An oddly compelling memoir documenting the tumultuous home life of Abraham and Mary Lincoln. Mariah Vance worked in Lincoln's Springfield home during the decade preceding his election to the presidency. The narrative is constructed from her oral history as recorded by Adah Sutton from 1900 to 1904. Vance, then in her 80s, shows here that Lincoln's marriage was far from happy. Mary is addicted to paregoric, jealous, socially ambitious, and prone to rages wherein she threatens her husband with kitchen knives. Lincoln, forebearing but tormented, nevertheless possesses a good-natured mischievousness in addition to his famous melancholy, dotes on his children, and is genuinely concerned for Vance's welfare. He also displays the rough manners that attracted the derisive nickname ``railsplitter.'' At table with the cream of Springfield society, he sits barefoot, collarless, ``[drinking] juice left from the dessert out of the sauce dish'' and wiping his mouth on his sleeve. Some events strain credulity, such as Mary's reported confession, on only Vance's third visit, that her husband doesn't love her. Admiration of ``Mistah Abe'' nudges Vance's memoir toward hagiography, an inclination abetted by the stiff rendition of Lincoln's speech. Thinking it disrespectful to quote Lincoln in Vance's black dialect, Sutton rewrote his lines; this stilted dialogue makes him sound like a self-righteous pedagogue. Anticipating criticism that Vance's recollections amount to a ``prairie Upstairs, Downstairs,'' Ostendorf, a collector of Lincoln memorabilia, and journalist Loesky (who clarified the black English in Sutton's transcript) go to great lengths to shore up this remarkable history's credibility, but including a facsimile of Sutton's entire 259-page handwritten manuscript does little to mitigate the sloppy presentation of textual notes. A fascinating mix of mythmaking and keyhole history likely to sow dissension among keepers of the Lincoln flame. Best read with a more rigorous biographyand a grain of salt.

Pub Date: Oct. 1, 1995

ISBN: 0-8038-9375-2

Page Count: 600

Publisher: N/A

Review Posted Online: May 20, 2010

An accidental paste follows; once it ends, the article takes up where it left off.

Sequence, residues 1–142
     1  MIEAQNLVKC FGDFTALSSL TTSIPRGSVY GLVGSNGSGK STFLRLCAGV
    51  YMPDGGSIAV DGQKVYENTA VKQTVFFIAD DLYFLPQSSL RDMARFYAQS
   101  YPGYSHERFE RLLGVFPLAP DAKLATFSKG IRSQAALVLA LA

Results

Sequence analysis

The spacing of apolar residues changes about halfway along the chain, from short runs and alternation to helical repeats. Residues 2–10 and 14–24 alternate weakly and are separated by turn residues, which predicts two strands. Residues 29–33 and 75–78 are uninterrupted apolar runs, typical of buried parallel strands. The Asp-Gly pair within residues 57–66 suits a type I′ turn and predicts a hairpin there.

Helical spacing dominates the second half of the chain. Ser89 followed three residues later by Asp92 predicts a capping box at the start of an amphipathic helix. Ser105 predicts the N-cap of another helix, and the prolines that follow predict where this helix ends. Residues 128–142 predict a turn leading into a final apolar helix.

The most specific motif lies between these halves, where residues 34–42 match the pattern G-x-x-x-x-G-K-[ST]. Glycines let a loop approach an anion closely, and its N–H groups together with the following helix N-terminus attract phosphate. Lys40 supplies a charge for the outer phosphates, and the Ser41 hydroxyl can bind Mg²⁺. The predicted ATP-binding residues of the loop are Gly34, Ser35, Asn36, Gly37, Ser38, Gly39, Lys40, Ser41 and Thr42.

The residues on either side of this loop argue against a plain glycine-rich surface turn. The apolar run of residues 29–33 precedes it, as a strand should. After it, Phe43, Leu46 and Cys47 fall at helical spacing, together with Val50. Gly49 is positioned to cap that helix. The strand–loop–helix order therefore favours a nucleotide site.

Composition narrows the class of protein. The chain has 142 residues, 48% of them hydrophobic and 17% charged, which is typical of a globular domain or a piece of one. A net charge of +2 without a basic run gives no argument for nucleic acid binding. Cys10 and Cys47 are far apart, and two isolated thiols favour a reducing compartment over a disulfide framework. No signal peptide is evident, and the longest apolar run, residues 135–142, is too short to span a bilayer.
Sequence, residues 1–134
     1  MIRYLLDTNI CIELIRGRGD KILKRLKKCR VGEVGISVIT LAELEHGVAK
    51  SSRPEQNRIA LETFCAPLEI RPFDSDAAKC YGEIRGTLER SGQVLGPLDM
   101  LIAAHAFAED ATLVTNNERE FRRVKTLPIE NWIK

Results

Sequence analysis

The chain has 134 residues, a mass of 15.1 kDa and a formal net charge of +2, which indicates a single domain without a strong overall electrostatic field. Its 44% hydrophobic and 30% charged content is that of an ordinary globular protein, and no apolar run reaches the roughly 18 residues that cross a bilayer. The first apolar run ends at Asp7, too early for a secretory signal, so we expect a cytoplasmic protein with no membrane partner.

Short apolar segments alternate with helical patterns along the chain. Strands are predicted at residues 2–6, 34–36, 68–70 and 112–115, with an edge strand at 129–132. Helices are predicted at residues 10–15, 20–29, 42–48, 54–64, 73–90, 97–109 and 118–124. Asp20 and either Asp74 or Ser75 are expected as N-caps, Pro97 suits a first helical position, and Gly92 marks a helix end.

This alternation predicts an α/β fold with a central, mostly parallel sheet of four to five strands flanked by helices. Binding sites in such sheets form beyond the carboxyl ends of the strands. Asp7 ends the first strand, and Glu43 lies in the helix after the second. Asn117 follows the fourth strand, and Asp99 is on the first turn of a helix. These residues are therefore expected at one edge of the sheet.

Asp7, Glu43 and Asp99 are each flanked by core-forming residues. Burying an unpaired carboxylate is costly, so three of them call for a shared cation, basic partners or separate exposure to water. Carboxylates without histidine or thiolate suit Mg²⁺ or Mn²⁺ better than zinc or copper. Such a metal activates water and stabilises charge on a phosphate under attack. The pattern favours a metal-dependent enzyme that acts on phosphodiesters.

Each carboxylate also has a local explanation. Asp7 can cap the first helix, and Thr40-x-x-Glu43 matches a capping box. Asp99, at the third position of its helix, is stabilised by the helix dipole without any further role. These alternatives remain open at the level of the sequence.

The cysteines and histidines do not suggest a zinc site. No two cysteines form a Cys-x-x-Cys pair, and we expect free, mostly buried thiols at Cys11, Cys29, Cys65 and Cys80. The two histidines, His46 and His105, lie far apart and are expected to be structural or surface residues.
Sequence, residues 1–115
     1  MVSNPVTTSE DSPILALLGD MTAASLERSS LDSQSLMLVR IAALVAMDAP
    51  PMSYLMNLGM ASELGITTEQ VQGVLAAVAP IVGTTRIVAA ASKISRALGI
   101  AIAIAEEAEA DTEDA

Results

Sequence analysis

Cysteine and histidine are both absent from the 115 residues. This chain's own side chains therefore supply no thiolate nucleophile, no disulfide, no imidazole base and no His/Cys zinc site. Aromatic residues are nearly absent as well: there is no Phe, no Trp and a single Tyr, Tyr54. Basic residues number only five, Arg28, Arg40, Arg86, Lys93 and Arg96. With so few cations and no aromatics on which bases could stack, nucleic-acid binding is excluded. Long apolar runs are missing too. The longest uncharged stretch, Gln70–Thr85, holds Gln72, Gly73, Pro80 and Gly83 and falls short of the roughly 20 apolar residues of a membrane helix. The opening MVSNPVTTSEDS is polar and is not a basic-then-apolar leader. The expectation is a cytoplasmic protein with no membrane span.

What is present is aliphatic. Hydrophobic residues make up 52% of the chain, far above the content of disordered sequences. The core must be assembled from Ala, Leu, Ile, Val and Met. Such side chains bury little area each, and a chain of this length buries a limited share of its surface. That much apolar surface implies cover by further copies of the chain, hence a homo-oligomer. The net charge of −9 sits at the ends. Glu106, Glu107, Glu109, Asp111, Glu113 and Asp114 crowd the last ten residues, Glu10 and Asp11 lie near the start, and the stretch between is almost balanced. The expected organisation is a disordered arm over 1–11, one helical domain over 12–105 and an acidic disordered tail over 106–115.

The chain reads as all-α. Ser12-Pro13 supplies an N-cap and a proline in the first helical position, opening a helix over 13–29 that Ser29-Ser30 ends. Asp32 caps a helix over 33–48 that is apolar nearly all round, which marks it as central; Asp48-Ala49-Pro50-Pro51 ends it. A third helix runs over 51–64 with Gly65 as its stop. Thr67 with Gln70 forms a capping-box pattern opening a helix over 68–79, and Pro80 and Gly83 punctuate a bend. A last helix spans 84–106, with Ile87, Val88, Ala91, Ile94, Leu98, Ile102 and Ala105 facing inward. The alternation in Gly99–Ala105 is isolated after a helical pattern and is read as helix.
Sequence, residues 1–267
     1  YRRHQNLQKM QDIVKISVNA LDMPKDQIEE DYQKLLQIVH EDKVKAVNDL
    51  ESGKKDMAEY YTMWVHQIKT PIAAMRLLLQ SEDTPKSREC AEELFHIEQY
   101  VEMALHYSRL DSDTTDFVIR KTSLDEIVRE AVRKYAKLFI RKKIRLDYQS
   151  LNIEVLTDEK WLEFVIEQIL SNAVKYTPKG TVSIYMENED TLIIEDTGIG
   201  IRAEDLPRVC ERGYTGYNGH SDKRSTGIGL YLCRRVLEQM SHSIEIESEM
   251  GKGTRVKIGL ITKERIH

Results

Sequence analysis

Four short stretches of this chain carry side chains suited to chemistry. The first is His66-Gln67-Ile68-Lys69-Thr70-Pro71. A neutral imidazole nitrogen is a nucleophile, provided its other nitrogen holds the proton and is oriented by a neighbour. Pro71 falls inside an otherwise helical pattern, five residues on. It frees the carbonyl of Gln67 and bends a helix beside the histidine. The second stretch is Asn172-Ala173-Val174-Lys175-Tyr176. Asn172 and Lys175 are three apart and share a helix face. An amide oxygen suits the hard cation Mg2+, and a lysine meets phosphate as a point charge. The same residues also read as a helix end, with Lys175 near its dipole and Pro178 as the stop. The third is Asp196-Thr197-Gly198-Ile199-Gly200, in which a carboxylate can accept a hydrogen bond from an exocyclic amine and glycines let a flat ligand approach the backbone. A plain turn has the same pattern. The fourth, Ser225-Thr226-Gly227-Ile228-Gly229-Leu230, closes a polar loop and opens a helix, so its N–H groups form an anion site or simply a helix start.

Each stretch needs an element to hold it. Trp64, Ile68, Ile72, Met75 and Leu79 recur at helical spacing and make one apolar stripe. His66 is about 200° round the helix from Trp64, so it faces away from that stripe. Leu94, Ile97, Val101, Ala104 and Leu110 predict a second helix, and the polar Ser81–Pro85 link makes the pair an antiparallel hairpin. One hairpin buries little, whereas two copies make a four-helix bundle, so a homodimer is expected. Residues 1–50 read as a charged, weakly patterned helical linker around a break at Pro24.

Kirkus Reviews Issue: Aug. 15, 1995

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The author's youthfulness helps to assure the inevitable comparison with the Anne Frank diary although over and above the...


Elie Wiesel spent his early years in a small Transylvanian town as one of four children. 

He was the only one of the family to survive what Francois Maurois, in his introduction, calls the "human holocaust" of the persecution of the Jews, which began with the restrictions, the singularization of the yellow star, the enclosure within the ghetto, and went on to the mass deportations to the ovens of Auschwitz and Buchenwald. There are unforgettable and horrifying scenes here in this spare and sombre memoir of this experience of the hanging of a child, of his first farewell with his father who leaves him an inheritance of a knife and a spoon, and of his last goodbye at Buchenwald his father's corpse is already cold let alone the long months of survival under unconscionable conditions. 

The author's youthfulness helps to assure the inevitable comparison with the Anne Frank diary although over and above the sphere of suffering shared, and in this case extended to the death march itself, there is no spiritual or emotional legacy here to offset any reader reluctance.

Pub Date: Jan. 16, 2006

ISBN: 0374500010

Page Count: 120

Publisher: Hill & Wang

Review Posted Online: Oct. 7, 2011

Kirkus Reviews Issue: Jan. 15, 2006

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For Howard Zinn, long-time civil rights and anti-war activist, history and ideology have a lot in common. Since he thinks that everything is in someone's interest, the historian—Zinn posits—has to figure out whose interests he or she is defining/defending/reconstructing (hence one of his previous books, The Politics of History). Zinn has no doubts about where he stands in this "people's history": "it is a history disrespectful of governments and respectful of people's movements of resistance." So what we get here, instead of the usual survey of wars, presidents, and institutions, is a survey of the usual rebellions, strikes, and protest movements. Zinn starts out by depicting the arrival of Columbus in North America from the standpoint of the Indians (which amounts to their standpoint as constructed from the observations of the Europeans); and, after easily establishing the cultural disharmony that ensued, he goes on to the importation of slaves into the colonies. Add the laborers and indentured servants that followed, plus women and later immigrants, and you have Zinn's amorphous constituency. To hear Zinn tell it, all anyone did in America at any time was to oppress or be oppressed; and so he obscures as much as his hated mainstream historical foes do—only in Zinn's case there is that absurd presumption that virtually everything that came to pass was the work of ruling-class planning: this amounts to one great indictment for conspiracy. Despite surface similarities, this is not a social history, since we get no sense of the fabric of life. Instead of negating the one-sided histories he detests, Zinn has merely reversed the image; the distortion remains.

Pub Date: Jan. 1, 1979

ISBN: 0061965588

Page Count: 772

Publisher: Harper & Row

Review Posted Online: May 26, 2012

Kirkus Reviews Issue: Jan. 1, 1979

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